Back in February, I posted a quick guide to setting up a successful book club, based on my own wonderful experiences with my book club. My daughter, at eighteen months, is perhaps a bit too young to join the club, but I love the idea of starting a mother-daughter club once she gets old enough. I’ve discussed this with some of the other mothers in my club, and everyone seems to like the idea. But we weren’t exactly sure how it would work. It’s one thing to vow to get together with our daughters once a month and all read a book together, but how could we use the club as an opportunity to have the kinds of conversations with our daughters we really want to have? How can we make sure it’s fun for them and not like homework? How can we use it to instill the values that we’d like to encourage in our daughters?
Given all of these questions, I was thrilled to read Her Next Chapter: How Mother-Daughter Book Clubs Can Help Girls Navigate Malicious Media, Risky Relationships, Girl Gossip, and So Much More (Chicago Review Press, May). The book was written by Lori Day, an educational psychologist, parenting coach and consultant, and the founder of a think tank focused on girl empowerment called the Brave Girls Alliance. The book was co-authored by Day’s daughter Charlotte, who is currently a senior at Mount Holyoke College and who was in a mother-daughter book club with Day from 2000-2006.
While I do think it will be fun to share my love of reading with my daughter, I’m most inspired to start a club like this when I think about the issues that will be facing my daughter as she grows up. These kinds of issues were precisely what drove Day to create the club. As the mother of a young girl, she looked around at the increasingly sexualized clothes sold in the girls’ departments of any clothing store, and the princess toys and the toy aisles known as “the pink ghetto” with a feeling of panic. At the same time she saw fewer and fewer books or movies with strong female protagonists. Despite all these good reasons to start the club, the final push came from Charlotte herself, after she and Day came across The Mother-Daughter Book Club by Shireen Dodson (Harper Perennial, 1997, revised in 2007). The book is another helpful resource for anyone interested in starting a club, containing anecdotes and stories, along with reading lists.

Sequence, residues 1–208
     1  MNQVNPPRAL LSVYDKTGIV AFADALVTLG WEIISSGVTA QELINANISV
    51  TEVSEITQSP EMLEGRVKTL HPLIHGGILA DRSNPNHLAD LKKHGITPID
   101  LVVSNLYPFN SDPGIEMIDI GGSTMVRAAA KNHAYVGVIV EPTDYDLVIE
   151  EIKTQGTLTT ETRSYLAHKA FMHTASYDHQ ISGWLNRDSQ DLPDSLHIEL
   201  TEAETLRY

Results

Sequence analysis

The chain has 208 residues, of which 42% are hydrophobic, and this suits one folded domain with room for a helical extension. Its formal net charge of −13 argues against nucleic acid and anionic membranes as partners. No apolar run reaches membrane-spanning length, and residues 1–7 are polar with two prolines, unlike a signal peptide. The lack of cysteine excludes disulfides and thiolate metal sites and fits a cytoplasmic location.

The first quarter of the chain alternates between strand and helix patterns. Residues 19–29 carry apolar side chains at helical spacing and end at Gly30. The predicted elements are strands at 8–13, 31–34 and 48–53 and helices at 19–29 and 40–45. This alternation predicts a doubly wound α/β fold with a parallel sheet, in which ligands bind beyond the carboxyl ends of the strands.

Once Day and Charlotte’s book club got started, it lasted six years. It began with five mother-daughter pairs meeting once a month, when the girls were in the third grade. At first the mothers chose the books, and as the girls got older, they began to choose for themselves. Though it eventually dwindled to three pairs, those who remained in the club were invested in it. In an essay that Charlotte wrote in the eighth grade, and which is included in the introduction to Day’s book, she explained one of the main benefits of the club: “The discussions we engage in during the meetings often begin as conversations about problems in the text that the protagonist encounters and overcomes, and inevitably shift seamlessly to conversations about similar problems we have experienced and dealt with growing up.” What mother wouldn’t want this for her daughter?
In the book, Day goes beyond recounting her own experiences with Charlotte to consider what she would do differently were she starting the club now, both as a result of what she learned through her experiences and the ways in which our culture has continued to change. The book includes some suggestions for how to start your club and keep it running smoothly, along with thoughts on how to tackle the big issues facing girls today, such as gender stereotypes, bullying, and body image, among others.
What books would you recommend for a mother-daughter book club?
Mother/Daughter reading outside: http://www.wechoosevirtuesblog.com/2013/03/
Mother reading to daughter: http://www.nymetroparents.com/article/How-to-Help-Your-Child-Have-a-Successful-School-